The myth of leadership in Somalia is shown by Hassan Sheikh, Ahmed Madobe, Sharif, Gaas, and Silanyo. Five presidents for one country. We have certain representatives of clans claiming to be “presidents” with no authority from the people. It must be emphasized that most of these individuals have never won an open election, they were all selected. Silanyo won votes mainly from his clan members who make up the majority in North Western Somalia. In Hargeysa there are three political parties, all with leaders from the same clan. So there is a myth of democratic choice and free will for certain clans, politically in the north of Somalia.

In Search of Good Leadership

There is hope though. All over the world there are many Somali people who show leadership qualities that are found in true statesmen. The question is who are these people? Do we know them? Do we follow their activism and their analysis of the concrete problems the nation is facing? Many Somali politicians back home are infected by Qabil; they are too clan-oriented and this is a threat to our nation. We need people whose strength comes from somewhere else than from the power of their clan, and who are not infected with clan-cancer. We need a leader who is not afraid to speak his mind and lead the country. We need leadership.

In an accidental way, I came across a video some time ago, and it made me optimistic about our future leaders. It was at Fagaaraha,  a forum for Somali political advocacy and dialogue which takes place throughout North America. It was here at the Fagaaraha where for the first time I was introduced to Faisal Roble. I have never seen or met the man in person, but for a fact he has the leadership qualities Somalia needs. He is confident and he speaks his mind with conviction, which is crucial for Somalia at this moment. Somalia needs someone who won’t play games like orchestrating the impeachment of two PM’s. He understands the legal aspects of government like the constitution, and understands the importance of federal member states. His work experience in the United State is vast and unparalleled. He knows all about warlord politics and the misguided policies of the SNM and the conspiracy of domination and separatism.  A scholarly piece of work written by him and a must read for all Somalis is on the challenges facing the secessionist camp and the oneness of the Somali nation.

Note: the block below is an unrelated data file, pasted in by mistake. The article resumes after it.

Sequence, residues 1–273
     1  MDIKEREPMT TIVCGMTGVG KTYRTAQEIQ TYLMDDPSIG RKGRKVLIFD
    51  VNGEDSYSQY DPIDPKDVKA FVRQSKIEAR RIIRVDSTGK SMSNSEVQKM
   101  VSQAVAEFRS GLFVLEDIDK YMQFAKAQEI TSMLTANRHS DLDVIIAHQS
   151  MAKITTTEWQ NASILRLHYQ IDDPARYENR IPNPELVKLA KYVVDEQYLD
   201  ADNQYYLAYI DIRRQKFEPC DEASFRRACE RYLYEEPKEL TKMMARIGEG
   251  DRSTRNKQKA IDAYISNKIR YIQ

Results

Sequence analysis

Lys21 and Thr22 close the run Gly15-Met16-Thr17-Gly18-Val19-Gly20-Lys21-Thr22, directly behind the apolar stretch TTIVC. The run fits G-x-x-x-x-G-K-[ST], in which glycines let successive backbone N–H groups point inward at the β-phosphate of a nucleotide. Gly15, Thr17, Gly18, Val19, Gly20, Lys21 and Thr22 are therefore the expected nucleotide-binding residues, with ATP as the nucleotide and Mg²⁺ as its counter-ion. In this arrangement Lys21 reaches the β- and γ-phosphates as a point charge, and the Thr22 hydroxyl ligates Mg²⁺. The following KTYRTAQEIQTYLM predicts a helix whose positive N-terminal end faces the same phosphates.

The most important part about Fasial is he is an honest Somali who loves his people and wants to see them prosper. The leadership qualities of Fasial are not available in Somalia today.

Abukar Arman is another unique man. He is intelligent and soft spoken. He is a leading advocate for Somali sovereignty. He always talks about the need for peace, but he also points out the hard truths which Somalis’ tend to ignore. He openly informs the Somali people through his articles about the threat posed by irresponsible “presidents” and “politicians”. He accurately describes Ethiopia and Kenya’s threat to our country.

Moreover, Abukar tries to educate Somalis’ that they do not want to see a strong Somalia; they want a weak Somalia that they control or no Somalia at all! Yet we have “presidents”  who believe that these countries as if they have our best interests in mind.  Abukar’s  advice unfortunately does not seem to be reaching those in Somalia. Abukar is one of Somalia’s future leaders who I hope gets more involved in Somalia on the ground. We must support individuals like him because of the vision he holds – a vision that calls for a Somalia which is at peace with itself.

There are many other Somali leaders who I have not named such as Dr. Sadia Ali Aden. I would have to write another article on Somali women with leadership qualities just to do them justice. There are many Somali women who would be a great asset to our nation if they were given a chance to be a part of the leadership process.

This article should be clear to all those reading it that the current crop of leadership in Somalia is a myth, it doesn’t exist. Somalia’s future leaders are those who have been away from the ills of civil war. They are the Somalis in the diaspora, those who have lived in countries where the rule of law exists. Our future as Somalis’ must be defined by us Somalis. Somalis in the diaspora have as much a right to be leaders of Somalia as anyone else. The only difference is you get a better crop of leadership

Zakaria Saeed